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Statement

Public Health Institute and California Project LEAN Reiterate Support for Health Warning Labels on Sugary Drinks

"The Public Health Institute (PHI) and PHI's California Project LEAN (Leaders Encouraging Activity and Nutrition) once again applaud the leadership of Senator Bill Monning and the California Center for Public Health Advocacy in introducing Senate Bill 203, which would require warning labels on most sugary drinks in California. Putting the proposed warning, “STATE OF CALIFORNIA SAFETY WARNING: Drinking beverages with added sugar(s) contributes to obesity, diabetes, and tooth decay,” front and center for consumers will go far towards highlighting the serious health risks that come from drinking sugary drinks."

Statement from Lynn Silver, MD, MPH, Senior Advisor, Chronic Disease and Obesity Prevention, Public Health Institute

“The Public Health Institute (PHI) and PHI’s California Project LEAN (Leaders Encouraging Activity and Nutrition) once again applaud the leadership of Senator Bill Monning and the California Center for Public Health Advocacy in introducing Senate Bill 203, which would require warning labels on most sugary drinks in California. Putting the proposed warning, “STATE OF CALIFORNIA SAFETY WARNING: Drinking beverages with added sugar(s) contributes to obesity, diabetes, and tooth decay,” front and center for consumers will go far towards highlighting the serious health risks that come from drinking sugary drinks.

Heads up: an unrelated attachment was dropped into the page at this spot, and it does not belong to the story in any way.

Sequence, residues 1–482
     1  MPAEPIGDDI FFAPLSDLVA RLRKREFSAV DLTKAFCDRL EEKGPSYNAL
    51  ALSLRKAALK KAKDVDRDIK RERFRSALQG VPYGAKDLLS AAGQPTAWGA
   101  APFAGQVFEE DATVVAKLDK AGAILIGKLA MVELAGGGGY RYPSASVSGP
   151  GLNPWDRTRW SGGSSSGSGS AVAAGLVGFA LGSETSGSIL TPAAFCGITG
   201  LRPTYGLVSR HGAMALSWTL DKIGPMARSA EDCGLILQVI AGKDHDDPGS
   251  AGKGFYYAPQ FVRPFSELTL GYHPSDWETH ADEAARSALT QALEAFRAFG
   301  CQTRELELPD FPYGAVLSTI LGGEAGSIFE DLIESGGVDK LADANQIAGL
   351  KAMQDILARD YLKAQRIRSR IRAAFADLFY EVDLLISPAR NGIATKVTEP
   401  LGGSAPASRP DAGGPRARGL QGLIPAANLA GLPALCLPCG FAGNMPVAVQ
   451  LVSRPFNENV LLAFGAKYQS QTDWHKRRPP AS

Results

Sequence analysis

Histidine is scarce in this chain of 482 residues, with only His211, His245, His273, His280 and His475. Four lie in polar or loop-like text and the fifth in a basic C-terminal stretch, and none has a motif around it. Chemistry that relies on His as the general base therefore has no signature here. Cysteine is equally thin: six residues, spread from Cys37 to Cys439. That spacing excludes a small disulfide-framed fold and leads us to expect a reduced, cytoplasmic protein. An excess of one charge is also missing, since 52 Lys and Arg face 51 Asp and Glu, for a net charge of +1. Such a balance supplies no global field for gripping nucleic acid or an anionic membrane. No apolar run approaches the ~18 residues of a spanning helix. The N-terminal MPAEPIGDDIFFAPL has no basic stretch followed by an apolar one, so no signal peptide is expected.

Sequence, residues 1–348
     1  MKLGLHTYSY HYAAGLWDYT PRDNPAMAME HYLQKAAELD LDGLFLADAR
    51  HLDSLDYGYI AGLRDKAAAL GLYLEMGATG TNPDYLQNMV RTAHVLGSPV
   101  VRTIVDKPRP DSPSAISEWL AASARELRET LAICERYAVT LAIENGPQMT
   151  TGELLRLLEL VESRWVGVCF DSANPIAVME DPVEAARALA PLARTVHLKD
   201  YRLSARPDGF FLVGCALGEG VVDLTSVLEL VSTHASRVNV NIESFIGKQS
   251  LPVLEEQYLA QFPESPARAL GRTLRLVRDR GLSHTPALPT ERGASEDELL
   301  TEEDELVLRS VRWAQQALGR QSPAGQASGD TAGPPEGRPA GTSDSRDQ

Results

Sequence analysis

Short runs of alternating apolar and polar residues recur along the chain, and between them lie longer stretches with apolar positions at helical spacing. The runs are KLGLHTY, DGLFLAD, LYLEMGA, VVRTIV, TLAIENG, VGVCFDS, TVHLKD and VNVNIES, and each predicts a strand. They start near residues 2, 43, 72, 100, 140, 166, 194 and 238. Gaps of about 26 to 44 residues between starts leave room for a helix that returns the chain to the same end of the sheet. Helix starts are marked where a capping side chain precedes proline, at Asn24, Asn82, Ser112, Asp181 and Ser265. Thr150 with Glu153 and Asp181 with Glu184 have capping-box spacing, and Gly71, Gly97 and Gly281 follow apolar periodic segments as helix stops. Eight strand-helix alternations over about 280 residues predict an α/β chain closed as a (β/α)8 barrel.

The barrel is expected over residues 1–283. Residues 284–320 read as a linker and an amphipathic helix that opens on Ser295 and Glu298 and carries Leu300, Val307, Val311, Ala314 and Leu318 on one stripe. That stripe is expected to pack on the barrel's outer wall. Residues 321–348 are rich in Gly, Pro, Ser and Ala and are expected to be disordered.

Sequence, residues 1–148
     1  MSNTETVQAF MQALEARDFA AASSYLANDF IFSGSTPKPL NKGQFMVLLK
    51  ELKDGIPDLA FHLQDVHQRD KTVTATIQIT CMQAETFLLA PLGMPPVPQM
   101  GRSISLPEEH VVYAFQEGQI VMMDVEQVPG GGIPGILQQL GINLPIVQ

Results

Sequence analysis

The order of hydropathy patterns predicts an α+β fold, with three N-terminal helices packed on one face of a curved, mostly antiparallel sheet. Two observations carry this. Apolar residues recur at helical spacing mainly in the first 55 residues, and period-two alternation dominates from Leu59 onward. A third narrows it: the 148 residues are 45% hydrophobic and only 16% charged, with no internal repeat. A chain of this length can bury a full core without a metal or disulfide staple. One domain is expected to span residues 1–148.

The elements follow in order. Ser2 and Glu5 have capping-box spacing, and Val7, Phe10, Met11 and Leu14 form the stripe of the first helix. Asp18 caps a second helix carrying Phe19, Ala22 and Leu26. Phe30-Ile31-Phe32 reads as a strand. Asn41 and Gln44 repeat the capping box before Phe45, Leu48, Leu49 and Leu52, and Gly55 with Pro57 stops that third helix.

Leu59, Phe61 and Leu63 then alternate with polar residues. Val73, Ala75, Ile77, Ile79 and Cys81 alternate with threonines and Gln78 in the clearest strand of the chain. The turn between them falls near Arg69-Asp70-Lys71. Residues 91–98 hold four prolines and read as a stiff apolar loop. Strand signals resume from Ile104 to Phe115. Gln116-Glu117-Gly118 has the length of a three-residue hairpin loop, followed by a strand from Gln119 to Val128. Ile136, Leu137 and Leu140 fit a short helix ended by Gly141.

“The science linking sugary drinks to obesity, diabetes, heart disease and tooth decay is incontrovertible. Heart disease and diabetes are not rare conditions; they are two of the leading causes of death. Diabetes has grown rapidly in California and is tied to one in every three hospitalizations. And yet sugar-loaded beverages with zero nutritional benefits continue to be among the most heavily marketed products in the nation. Exploding portion sizes, ubiquitous placement and aggressive marketing have made sugary drinks the largest single component of the growth in caloric intake of Americans over recent decades.

“Like warning labels on cigarettes or alcohol, requiring the soda industry to tell people the truth about the risks associated with consumption of their products is an important step in promoting better health. Contrary to what multi-million dollar advertising campaigns purport, drinking these products regularly will not make you happy. Instead, it can land you in the hospital. It’s time to let people know.”


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